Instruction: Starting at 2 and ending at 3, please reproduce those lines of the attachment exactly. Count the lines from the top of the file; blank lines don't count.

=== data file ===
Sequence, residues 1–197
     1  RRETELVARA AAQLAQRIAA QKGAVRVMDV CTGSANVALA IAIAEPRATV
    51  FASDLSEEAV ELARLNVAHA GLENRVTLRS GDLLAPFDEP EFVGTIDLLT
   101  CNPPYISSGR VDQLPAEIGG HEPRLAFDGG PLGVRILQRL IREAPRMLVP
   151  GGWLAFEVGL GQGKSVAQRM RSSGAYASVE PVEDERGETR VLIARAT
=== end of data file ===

     1  RRETELVARA AAQLAQRIAA QKGAVRVMDV CTGSANVALA IAIAEPRATV
    51  FASDLSEEAV ELARLNVAHA GLENRVTLRS GDLLAPFDEP EFVGTIDLLT